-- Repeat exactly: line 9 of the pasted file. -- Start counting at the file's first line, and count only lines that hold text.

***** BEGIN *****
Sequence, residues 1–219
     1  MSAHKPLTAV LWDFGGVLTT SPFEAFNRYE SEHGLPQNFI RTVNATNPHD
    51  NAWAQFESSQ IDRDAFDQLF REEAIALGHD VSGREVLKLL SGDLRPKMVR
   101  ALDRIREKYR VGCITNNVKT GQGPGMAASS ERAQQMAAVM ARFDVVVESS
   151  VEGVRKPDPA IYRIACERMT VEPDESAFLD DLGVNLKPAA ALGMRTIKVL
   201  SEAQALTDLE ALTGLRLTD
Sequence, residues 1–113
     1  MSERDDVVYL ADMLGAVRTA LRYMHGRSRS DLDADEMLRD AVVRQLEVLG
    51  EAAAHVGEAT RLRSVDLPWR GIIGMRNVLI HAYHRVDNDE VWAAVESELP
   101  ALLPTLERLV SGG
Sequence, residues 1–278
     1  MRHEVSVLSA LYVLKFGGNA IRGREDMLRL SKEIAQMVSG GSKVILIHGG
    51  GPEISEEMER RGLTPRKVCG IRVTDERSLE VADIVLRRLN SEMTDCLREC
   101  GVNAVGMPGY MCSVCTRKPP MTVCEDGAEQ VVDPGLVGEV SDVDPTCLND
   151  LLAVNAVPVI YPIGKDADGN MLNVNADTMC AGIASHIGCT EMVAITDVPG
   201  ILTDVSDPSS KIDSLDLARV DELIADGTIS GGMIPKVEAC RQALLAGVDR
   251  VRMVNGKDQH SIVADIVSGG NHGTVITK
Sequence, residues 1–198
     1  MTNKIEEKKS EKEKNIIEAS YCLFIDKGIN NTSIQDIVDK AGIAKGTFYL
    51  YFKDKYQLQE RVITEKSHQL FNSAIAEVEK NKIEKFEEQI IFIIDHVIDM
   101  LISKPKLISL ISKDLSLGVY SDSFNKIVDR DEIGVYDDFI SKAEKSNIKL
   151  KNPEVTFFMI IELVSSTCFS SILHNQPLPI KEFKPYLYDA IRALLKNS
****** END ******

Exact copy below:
    51  EAAAHVGEAT RLRSVDLPWR GIIGMRNVLI HAYHRVDNDE VWAAVESELP